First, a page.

• Information Ordering
  • The ability to arrange things or actions in a certain order or pattern according to a specific rule or set of rules (e.g., patterns of numbers, letters, words, pictures, mathematical operations).
  • Category Flexibility
  • The ability to generate or use different sets of rules for combining or grouping things in different ways.
  • Control Precision
  • The ability to quickly and repeatedly adjust the controls of a machine or a vehicle to exact positions.
  • Visual Color Discrimination
  • The ability to match or detect differences between colors, including shades of color and brightness.
  • Speech Recognition
  • The ability to identify and understand the speech of another person.

Work Activities

  • Handling and Moving Objects
  • Using hands and arms in handling, installing, positioning, and moving materials, and manipulating things.
  • Getting Information
  • Observing, receiving, and otherwise obtaining information from all relevant sources.
  • Performing General Physical Activities
  • Performing physical activities that require considerable use of your arms and legs and moving your whole body, such as climbing, lifting, balancing, walking, stooping, and handling of materials.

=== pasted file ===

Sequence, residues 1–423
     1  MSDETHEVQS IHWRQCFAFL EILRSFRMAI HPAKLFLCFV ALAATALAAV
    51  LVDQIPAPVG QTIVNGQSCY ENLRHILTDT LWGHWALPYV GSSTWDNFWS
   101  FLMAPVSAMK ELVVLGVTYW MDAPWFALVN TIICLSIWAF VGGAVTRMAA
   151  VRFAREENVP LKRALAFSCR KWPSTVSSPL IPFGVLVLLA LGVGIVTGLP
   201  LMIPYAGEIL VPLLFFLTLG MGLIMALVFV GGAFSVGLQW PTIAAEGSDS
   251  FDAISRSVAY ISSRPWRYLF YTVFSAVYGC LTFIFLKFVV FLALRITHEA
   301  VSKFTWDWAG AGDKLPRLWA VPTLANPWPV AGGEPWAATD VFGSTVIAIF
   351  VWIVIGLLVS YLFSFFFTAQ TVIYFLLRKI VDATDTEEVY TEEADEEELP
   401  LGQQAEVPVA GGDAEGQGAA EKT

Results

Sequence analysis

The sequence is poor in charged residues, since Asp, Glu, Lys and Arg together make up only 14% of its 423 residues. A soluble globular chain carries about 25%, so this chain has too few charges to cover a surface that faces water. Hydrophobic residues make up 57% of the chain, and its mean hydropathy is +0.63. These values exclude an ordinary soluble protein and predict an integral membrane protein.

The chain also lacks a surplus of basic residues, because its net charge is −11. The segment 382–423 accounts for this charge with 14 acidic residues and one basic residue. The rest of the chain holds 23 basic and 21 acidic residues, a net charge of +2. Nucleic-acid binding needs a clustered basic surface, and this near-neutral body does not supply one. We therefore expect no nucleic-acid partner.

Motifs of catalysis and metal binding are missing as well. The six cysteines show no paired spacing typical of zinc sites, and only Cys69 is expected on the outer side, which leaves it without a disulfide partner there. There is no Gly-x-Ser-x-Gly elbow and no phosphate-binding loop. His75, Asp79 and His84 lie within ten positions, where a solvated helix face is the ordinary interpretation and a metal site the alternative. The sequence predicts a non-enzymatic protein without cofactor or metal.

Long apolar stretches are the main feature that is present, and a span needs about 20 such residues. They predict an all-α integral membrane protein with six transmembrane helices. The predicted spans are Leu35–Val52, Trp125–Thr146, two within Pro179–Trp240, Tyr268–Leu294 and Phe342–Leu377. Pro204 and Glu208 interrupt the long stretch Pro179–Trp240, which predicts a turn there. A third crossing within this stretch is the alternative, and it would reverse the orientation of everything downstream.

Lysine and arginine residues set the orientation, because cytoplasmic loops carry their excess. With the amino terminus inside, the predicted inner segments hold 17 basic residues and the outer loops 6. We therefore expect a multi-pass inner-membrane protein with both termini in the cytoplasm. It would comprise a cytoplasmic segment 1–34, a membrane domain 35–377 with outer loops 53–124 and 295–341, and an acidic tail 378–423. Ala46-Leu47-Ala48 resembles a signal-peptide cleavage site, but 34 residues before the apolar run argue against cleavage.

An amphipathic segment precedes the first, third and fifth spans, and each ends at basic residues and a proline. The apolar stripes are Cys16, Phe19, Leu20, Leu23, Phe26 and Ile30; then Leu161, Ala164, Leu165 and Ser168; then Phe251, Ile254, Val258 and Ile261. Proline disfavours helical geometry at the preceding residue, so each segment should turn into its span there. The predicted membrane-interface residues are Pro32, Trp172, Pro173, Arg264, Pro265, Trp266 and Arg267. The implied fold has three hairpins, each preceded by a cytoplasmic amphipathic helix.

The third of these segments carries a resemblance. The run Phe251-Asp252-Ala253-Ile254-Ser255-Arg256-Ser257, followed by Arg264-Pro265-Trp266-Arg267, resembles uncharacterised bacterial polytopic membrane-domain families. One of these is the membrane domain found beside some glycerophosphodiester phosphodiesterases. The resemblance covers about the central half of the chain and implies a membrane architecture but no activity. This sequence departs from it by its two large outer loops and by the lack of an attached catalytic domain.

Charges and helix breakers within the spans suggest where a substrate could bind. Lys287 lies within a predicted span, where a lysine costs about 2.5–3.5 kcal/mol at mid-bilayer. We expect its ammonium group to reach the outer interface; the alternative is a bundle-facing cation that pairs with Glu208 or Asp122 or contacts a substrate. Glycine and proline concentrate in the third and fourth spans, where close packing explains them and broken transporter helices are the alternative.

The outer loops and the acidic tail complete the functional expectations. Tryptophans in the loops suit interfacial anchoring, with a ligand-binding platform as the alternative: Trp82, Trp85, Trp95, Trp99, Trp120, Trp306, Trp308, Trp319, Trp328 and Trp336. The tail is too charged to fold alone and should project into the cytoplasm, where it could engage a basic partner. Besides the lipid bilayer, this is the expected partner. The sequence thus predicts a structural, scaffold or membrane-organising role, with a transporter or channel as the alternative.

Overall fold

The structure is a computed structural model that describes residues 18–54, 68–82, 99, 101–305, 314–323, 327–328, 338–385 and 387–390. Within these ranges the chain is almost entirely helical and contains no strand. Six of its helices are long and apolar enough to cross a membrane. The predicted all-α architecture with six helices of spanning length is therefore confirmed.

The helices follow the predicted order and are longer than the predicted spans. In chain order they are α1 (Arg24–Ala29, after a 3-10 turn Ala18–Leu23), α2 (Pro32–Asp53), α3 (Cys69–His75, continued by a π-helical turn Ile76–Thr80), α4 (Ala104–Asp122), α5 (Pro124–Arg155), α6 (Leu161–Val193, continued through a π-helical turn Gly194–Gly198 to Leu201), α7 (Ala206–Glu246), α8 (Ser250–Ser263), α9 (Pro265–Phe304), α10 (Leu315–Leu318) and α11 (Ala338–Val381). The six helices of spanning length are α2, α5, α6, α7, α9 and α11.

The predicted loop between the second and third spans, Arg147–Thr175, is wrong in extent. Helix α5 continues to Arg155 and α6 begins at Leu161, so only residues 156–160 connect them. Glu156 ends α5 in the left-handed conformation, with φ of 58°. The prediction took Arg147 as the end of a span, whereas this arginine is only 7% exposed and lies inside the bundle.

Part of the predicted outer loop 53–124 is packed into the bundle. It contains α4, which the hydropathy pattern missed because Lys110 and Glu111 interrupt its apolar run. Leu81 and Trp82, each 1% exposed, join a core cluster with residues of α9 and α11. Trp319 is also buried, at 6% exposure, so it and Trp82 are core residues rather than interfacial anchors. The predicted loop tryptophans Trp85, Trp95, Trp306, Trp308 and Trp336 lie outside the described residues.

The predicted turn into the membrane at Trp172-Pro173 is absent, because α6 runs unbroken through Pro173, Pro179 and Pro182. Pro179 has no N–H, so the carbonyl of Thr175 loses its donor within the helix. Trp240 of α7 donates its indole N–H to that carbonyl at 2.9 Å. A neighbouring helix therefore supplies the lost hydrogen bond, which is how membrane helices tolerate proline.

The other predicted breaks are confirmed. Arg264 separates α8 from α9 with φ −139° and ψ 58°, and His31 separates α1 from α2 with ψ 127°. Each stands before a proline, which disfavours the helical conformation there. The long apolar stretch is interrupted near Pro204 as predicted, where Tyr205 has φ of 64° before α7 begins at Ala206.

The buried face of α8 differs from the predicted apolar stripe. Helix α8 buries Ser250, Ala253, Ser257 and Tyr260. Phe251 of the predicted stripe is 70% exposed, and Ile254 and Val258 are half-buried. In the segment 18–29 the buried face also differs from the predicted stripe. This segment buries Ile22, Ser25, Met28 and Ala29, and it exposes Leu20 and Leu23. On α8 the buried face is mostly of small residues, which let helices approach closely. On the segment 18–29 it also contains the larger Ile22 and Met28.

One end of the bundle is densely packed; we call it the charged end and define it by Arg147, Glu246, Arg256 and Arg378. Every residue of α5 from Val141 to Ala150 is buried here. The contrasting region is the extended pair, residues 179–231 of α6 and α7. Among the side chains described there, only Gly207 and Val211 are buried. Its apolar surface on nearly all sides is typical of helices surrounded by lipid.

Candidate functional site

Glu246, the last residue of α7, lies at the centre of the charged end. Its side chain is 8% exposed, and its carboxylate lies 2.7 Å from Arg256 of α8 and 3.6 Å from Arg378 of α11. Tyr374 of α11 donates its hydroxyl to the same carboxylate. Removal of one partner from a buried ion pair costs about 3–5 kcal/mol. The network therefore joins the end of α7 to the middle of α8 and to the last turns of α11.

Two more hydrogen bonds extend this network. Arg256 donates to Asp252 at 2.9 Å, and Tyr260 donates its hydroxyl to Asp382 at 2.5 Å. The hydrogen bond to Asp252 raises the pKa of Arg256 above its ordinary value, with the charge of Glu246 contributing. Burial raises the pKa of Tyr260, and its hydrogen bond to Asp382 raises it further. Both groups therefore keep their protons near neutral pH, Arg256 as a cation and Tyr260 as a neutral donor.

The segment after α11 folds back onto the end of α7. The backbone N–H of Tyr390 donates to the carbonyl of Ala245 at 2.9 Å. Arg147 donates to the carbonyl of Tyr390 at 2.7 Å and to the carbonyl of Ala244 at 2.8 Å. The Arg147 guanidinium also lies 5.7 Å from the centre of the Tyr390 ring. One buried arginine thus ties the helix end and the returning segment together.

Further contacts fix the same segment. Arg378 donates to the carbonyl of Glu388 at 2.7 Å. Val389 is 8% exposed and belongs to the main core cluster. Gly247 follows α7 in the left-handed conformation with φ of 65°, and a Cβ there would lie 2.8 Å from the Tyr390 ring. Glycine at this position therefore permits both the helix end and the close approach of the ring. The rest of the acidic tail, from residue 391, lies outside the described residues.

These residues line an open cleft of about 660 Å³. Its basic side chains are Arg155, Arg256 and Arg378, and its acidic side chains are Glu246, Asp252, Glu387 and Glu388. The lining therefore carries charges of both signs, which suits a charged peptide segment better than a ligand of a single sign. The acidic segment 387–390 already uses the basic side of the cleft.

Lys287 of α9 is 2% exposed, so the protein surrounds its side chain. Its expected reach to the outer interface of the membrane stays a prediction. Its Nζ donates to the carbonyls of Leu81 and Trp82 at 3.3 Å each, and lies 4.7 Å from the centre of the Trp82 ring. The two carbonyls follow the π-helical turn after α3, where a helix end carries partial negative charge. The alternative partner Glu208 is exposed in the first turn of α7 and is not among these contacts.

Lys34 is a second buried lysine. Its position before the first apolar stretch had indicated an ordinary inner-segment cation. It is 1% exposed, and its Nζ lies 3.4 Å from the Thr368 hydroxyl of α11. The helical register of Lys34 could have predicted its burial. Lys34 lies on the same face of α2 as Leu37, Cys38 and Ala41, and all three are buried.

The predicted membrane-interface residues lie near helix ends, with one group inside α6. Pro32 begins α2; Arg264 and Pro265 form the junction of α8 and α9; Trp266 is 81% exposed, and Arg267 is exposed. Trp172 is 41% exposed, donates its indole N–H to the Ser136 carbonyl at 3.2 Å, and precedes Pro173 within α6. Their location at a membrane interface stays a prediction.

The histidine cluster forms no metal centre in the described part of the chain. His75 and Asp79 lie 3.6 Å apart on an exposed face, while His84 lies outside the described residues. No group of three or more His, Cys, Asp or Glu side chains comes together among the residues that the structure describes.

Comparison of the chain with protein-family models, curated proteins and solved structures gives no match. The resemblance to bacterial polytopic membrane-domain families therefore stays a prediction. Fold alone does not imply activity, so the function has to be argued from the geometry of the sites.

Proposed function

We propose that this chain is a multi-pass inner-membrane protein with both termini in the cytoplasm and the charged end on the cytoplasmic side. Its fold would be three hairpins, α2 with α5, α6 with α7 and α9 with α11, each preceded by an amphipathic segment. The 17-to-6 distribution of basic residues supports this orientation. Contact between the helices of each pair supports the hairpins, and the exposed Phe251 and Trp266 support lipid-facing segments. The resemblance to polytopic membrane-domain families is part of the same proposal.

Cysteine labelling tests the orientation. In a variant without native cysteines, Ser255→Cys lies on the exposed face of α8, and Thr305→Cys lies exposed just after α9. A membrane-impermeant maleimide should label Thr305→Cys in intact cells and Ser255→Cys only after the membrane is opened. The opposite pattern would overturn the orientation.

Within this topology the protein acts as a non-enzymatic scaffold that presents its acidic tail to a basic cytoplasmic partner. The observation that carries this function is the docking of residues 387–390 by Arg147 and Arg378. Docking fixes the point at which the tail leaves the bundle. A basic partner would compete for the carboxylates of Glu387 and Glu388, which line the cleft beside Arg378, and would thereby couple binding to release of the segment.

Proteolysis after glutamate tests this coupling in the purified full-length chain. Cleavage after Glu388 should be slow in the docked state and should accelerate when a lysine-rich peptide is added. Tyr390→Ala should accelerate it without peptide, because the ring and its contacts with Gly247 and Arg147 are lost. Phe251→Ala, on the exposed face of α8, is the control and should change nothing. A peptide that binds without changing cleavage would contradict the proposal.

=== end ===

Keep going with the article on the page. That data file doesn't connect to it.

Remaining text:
• Monitor Processes, Materials, or Surroundings
  • Monitoring and reviewing information from materials, events, or the environment, to detect or assess problems.
  • Controlling Machines and Processes
  • Using either control mechanisms or direct physical activity to operate machines or processes (not including computers or vehicles).
  • Inspecting Equipment, Structures, or Material
  • Inspecting equipment, structures, or materials to identify the cause of errors or other problems or defects.
  • Identifying Objects, Actions, and Events
  • Identifying information by categorizing, estimating, recognizing differences or similarities, and detecting changes in circumstances or events.
  • Judging the Qualities of Things, Services, or People
  • Assessing the value, importance, or quality of things or people.
  • Organizing, Planning, and Prioritizing Work
  • Developing specific goals and plans to prioritize, organize, and accomplish your work.
  • Documenting/Recording Information
  • Entering, transcribing, recording, storing, or maintaining information in written or electronic/magnetic form.

Interests

  • Realistic
  • Realistic occupations frequently involve work activities that include practical, hands-on problems and solutions. They often deal with plants, animals, and real-world materials like wood, tools, and machinery. Many of the occupations require working outside, and do not involve a lot of paperwork or working closely with others.